The overall conclusions are insensitive to small perturbations resulting from any improvement in our knowledge (presumption)
    The science is always improving (dodge)
    Your criticisms have some validity, but are unhelpful (shift blame)
    “Divergence” (as you call it (ad hom)) is a problem, but we will likely have an answer soon (speculation) …
    … but that answer is unlikely to overturn our conclusions about current warming trend (speculation)
    Thanks for your enquiry, these are good questions, and we hope to have some answers real soon (ultimate kiss-off)

    Something like that, anyways.

  62. bender
    Posted Nov 11, 2007 at 5:35 PM | Permalink

    #60 For context:

    Tree growth at tree line is probably somewhat related to temperature. The problem is that:
    (1) temp is not the only limiting factor
    (2) temp operates synergistically with other limiting factors (soil moisutre, precip, NOx, NH4, CO2)
    (3) the responses are not linear

    These are proven facts by the dendros themselves. Consequently linear univariate correlation models may not work all that well. No one knows for sure because experimental approaches to response function calibration are sorely lacking.

    You (and Boris) should read the blog once over if you want more detail than that. These things have been hashed out a hundred times before at CA. (These topics are “avoided” (i.e. suppressed) at RC.)

  63. Bruce
    Posted Nov 11, 2007 at 5:42 PM | Permalink

    the vaunted Medieval Warm Period (the third little red blip from the left below) was tiny in comparison to the enormous increases in temperature in the last half-century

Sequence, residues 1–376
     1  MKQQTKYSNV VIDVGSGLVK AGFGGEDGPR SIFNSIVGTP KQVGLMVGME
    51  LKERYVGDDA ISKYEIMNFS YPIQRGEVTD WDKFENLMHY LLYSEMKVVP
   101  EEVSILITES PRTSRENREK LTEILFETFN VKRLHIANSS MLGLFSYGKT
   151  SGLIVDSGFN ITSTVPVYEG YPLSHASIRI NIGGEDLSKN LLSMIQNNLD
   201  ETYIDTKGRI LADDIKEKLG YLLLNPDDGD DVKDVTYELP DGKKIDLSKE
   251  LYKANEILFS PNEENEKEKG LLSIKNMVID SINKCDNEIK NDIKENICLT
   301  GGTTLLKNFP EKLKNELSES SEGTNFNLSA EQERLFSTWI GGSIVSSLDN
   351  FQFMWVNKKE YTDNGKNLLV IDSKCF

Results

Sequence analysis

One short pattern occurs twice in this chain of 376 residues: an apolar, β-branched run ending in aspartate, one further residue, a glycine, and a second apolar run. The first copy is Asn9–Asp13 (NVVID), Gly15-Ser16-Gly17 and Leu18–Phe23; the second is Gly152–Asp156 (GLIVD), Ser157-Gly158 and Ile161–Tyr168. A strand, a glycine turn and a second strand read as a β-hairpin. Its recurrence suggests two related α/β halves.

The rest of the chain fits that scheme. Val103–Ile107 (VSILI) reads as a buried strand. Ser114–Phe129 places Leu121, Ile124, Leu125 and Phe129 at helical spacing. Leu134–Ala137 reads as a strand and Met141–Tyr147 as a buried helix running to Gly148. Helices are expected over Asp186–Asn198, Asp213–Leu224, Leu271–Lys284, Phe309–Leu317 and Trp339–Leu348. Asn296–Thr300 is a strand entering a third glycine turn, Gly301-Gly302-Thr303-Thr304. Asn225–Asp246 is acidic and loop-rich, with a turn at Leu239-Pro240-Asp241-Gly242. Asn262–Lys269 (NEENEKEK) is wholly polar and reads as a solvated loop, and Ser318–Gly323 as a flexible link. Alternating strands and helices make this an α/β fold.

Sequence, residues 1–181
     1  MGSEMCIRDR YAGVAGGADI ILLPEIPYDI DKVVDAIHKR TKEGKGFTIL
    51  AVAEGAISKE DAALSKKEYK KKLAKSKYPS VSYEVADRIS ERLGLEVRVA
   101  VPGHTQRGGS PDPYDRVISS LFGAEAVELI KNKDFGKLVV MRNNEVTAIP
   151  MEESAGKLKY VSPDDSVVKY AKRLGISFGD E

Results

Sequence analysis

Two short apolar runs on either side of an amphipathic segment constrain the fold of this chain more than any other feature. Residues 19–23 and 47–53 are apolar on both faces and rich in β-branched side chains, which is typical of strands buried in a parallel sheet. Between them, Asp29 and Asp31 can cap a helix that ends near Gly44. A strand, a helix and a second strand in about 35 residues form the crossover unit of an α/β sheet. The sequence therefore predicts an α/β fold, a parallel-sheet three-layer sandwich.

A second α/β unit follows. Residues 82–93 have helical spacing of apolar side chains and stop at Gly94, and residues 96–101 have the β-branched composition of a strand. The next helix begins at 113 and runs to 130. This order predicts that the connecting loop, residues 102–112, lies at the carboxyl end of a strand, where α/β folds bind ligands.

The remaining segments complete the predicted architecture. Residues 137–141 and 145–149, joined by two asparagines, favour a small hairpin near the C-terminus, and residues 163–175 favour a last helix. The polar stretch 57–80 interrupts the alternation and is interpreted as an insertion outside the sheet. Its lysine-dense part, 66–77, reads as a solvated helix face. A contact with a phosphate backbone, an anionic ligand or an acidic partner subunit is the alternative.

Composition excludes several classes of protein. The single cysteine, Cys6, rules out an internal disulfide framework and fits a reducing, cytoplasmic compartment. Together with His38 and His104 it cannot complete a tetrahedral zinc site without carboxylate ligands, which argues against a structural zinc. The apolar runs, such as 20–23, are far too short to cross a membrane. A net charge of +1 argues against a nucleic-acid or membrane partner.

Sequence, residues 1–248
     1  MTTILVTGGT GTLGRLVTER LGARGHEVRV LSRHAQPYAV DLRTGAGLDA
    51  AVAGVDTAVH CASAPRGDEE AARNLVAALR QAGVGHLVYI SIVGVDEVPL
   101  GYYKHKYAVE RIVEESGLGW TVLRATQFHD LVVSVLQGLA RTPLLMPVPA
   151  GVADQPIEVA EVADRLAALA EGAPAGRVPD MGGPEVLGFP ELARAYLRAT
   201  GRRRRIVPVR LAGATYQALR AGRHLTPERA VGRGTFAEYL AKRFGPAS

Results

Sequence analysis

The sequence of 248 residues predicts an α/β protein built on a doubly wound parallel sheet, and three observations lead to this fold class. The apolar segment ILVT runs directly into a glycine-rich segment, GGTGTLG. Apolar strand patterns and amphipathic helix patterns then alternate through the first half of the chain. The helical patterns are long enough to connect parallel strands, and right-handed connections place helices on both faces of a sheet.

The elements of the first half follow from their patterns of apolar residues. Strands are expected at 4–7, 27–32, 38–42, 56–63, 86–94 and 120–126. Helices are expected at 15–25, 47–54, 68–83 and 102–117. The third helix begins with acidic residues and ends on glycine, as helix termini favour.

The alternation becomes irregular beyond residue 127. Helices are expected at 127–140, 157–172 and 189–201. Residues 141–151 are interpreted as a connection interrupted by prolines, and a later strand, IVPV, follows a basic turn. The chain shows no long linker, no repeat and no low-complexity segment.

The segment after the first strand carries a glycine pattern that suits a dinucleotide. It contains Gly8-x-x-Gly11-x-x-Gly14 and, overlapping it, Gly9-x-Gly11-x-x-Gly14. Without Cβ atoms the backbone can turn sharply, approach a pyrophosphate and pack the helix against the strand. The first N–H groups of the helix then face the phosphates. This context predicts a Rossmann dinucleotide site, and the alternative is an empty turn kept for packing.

According to the CRU, the coldest year in the last 100 years in the Northern Hemisphere was:
    1907 -0.528

    Then it reached:
    1944 0.148

    Then it cooled off some, and then the warmest year was:

    2005 0.622

    So … in the first 37 years of the last 100 the temperature rose:

    .676C

    In the next 60 years it rose:

    .528C

    So, why so they lie and say the warming mostly occurred in the last 50 years, when in fact more of it occurred from 1907 to 1944?

  64. Posted Nov 11, 2007 at 7:18 PM | Permalink

    #64 Bruce:
    Please, please, please stop with the single-year single-hemisphere comparisons. If you really feel you must play that game, you should include one more data point in your CRU NH cherry-pickings:

    1907: -0.528
    1944: +0.148
    1976: -0.284

  65. Posted Nov 11, 2007 at 7:22 PM | Permalink

    D’oh! My last post got chopped because of the “less-than” symbol. I’ll try again…

    #64 Bruce:
    Please, please, please stop with the single-year single-hemisphere comparisons. If you really feel you must play that game, you should include one more data point in your CRU NH cherry-pickings:

    1907: -0.528
    1944: +0.148
    1976: -0.284 (this is the one you missed)
    2005: +0.622

    To summarize:
    - from 1907 to 1944: +0.676C
    - from 1944 to 1976: -0.432C
    - from 1976 to 2005: +0.906C

    To be clear, I’m not advocating the use of single-year comparisons. But if you are going to use them, at least avoid skipping over lows that don’t fit your agenda. Preferably, move past elementary school arithmetic (subtraction) and try least-squares regression.

  66. bender
    Posted Nov 11, 2007 at 7:28 PM | Permalink